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In Joplin, Uncertainty Abounds as Hunt for Missing Tornado Victims Continues

A new round of storms across the Midwest on Tuesday killed at least 14 people and leveled many homes in Oklahoma City, its suburbs and towns to the north and south. In Joplin, Mo., crews continue to look for survivors of the major tornado that struck there on Sunday. Kwame Holman reports.

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    The plague of tornadoes in the Midwest claimed 14 more victims overnight in Oklahoma and several other states. And more storms whirled into life today, while the people of Joplin, Mo., continued searching for their own dead and missing.

    NewsHour correspondent Kwame Holman has the story.


    Nerves already were on edge across the Midwest, as forecasters issued a new wave of warnings. Kansas City, Mo., went on alert, and the storm system threatened half-a-dozen other states as it headed east.

    Less than 24 hours earlier, tornadoes tore their way across Oklahoma.

  • MAN:

    This was a large tornado that came through here.


    Damage in Oklahoma City, its suburbs and towns to the north and south was severe, with many homes reduced to little more than foundations.


    We're OK. We're OK.


    The experience was terrifying for a group in Canton, Okla. They captured video of a tornado churning across water.

    Another funnel cloud tore a path through the town of Chickasha. Some houses were untouched, while others nearby were flattened.

  • MAN:

    Had the house here. We had a three-car garage, two stories with a garage apartment, a silo, another house. My wife's car, her new car was in the garage. It's in the tree.

    PATRICIA COLLIER, tornado victim: When I got here, not only my house, but my neighbor's house and my neighbor beside them — was all gone.


    Arkansas also was bombarded last night.

  • MAN:

    Is there anybody here?


    First-responders were on the scene in Denning right away, helping the injured. They pulled a woman with a heart condition from rubble that used to be her house. This morning, unharmed Denning residents ventured outside to survey what was left.

  • MAN:

    Look what has blown in here.


    And storms in Texas brought golf ball-sized hail and even forced fans to evacuate from the upper deck at a Texas Rangers baseball game.

    The Tuesday night storms also set sirens wailing again in Joplin, Mo. The city was ravaged on Sunday by one of the worst tornadoes ever recorded. It's now been confirmed as an EF-5, the strongest kind, with winds that topped 200 miles an hour.

  • WOMAN:

    Seeing this right now, I'm in shock. I can't even — it doesn't even look the same.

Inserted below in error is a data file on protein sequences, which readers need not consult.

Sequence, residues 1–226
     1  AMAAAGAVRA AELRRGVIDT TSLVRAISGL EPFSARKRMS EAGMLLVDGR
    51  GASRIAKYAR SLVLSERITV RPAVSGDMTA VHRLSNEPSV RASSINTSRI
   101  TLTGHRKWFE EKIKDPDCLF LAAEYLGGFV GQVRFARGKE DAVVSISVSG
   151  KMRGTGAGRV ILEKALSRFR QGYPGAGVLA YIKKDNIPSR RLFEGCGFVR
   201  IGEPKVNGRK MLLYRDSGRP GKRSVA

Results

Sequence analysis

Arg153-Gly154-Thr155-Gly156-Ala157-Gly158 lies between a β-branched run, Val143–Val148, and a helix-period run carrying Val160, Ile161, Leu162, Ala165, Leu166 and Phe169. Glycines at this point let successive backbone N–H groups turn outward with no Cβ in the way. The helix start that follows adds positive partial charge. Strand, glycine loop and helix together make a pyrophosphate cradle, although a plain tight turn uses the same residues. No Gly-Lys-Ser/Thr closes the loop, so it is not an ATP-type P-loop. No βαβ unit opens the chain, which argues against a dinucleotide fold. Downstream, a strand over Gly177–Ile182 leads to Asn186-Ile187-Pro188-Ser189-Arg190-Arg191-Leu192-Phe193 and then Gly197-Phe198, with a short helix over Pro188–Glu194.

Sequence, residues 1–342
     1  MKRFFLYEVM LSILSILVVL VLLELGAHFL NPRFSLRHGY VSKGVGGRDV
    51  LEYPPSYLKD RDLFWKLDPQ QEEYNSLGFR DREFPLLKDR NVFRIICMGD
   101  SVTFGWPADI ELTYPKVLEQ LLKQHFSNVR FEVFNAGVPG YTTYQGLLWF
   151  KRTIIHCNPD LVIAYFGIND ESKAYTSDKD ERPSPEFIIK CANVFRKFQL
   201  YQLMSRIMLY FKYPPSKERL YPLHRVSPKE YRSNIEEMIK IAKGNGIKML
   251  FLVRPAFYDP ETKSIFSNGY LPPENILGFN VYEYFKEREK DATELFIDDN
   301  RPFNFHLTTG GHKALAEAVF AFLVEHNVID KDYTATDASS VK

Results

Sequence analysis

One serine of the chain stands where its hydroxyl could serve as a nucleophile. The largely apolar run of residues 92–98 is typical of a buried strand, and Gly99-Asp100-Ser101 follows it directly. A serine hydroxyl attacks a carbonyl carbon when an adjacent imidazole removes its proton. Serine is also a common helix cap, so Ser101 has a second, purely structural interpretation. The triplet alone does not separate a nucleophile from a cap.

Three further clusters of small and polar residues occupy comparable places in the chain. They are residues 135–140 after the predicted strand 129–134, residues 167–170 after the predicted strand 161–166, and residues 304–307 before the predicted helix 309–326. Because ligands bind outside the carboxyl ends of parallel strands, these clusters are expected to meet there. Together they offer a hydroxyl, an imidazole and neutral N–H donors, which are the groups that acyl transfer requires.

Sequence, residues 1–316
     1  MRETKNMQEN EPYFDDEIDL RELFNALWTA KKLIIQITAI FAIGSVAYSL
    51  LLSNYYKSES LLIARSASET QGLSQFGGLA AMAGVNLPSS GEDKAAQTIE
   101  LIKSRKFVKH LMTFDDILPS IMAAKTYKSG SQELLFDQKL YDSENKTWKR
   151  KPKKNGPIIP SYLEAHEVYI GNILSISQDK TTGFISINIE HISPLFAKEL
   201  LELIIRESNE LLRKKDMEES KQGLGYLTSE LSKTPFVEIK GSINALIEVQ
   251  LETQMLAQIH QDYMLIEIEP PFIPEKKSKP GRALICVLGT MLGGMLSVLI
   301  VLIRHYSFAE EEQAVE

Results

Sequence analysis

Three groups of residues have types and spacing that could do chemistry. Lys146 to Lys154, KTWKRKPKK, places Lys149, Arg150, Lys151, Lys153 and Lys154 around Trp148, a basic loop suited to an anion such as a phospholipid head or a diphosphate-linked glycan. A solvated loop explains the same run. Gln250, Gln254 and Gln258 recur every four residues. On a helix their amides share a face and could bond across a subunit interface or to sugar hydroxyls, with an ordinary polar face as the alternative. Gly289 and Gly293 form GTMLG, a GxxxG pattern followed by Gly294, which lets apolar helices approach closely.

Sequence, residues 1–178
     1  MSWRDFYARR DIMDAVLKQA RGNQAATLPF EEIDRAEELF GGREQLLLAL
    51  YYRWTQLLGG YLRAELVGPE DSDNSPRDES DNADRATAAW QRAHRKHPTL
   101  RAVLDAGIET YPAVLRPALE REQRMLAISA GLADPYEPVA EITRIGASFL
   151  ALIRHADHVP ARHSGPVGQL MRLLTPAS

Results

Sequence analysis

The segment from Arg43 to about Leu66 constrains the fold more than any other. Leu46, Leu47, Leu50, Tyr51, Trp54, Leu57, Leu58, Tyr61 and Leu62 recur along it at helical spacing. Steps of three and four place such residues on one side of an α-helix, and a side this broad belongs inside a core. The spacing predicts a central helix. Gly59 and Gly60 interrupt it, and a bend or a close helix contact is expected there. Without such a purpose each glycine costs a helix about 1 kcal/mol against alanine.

More than 120 people were killed in Joplin, and today, the search for bodies and survivors went on. Trained dogs again aided rescue crews in pinpointing where they should focus. The city's St. John's Medical Center was hit squarely by the twister. This morning, structural engineers ventured inside to see if the building could be saved.

  • GARY PULSIPHER, St. John’s Medical Center:

    You're probably wondering a little bit about the facility behind us. It truly was like a bomb went off inside, almost on every floor. It's an amazing scene in there. And hopefully, we will be able to have some pictures in next while for you to look at.

    But we're not certain of the structure, if the structure is going to be able to support another facility here, or if we will need to rebuild.


    But whatever the fate of the building, the head of the hospital's parent company praised the actions of the people involved.

    LYNN BRITTON, Sisters of Mercy Health Systems: I want to tell you how absolutely awed and inspired I am by what I have witnessed here since Monday morning.

    We got here Monday morning and began to assess what had happened to the Mercy co-workers and physicians and Mercy facilities. But we witnessed amazing, heroic, courageous activities by the community. No matter where I went in the city since I have been, I have seen the community rallying around recovery. And those are such great signs that Joplin is going to come back stronger than it has ever been before.


    For now, many in Joplin still were reliving the moments when death seemed close at hand.

  • MAN:

    It was a hot water tank that hit me the first time, it looks like, and then the refrigerator is what I had to pull off my baby.

  • MAN:

    And I felt — felt suction just pulling me.


    Earl Fassel was visiting Joplin with his wife on Sunday. They went into the Wal-Mart to try to ride out the weather, but the storm followed them.

    EARL FASSEL, tornado survivor: We looked up and saw the ceiling tiles starting to float around. We got a cool breeze that came through, and it felt very eerie, a loud crack, and then just an extremely loud roar, some screams. And, just, you can't imagine that roar.


    A collapsed wall shielded the Fassels from the worst. When they crawled out, they saw others who'd been killed.


    We realized, right to the side of us, we were going by someone that didn't make it.


    For many others, there still is no certainty. Up to 1,500 people are listed as missing.

    Steven Campbell is looking for his wife, Tami, who was lying next to him when the tornado hit.

    STEVEN CAMPBELL, tornado survivor: I heard her scream. And then, right after she screamed, that's when the whole thing collapsed on us. That was — that was the end of it.


    Others have taken to social media sites such as Facebook to search for loved ones. In one case alone, more than 19,000 people supported the Help Find Will Norton community page, rallying around the teen's friends and family's attempts to look for him.

    In addition to the dead and missing, some 750 people were injured by the Joplin tornado.

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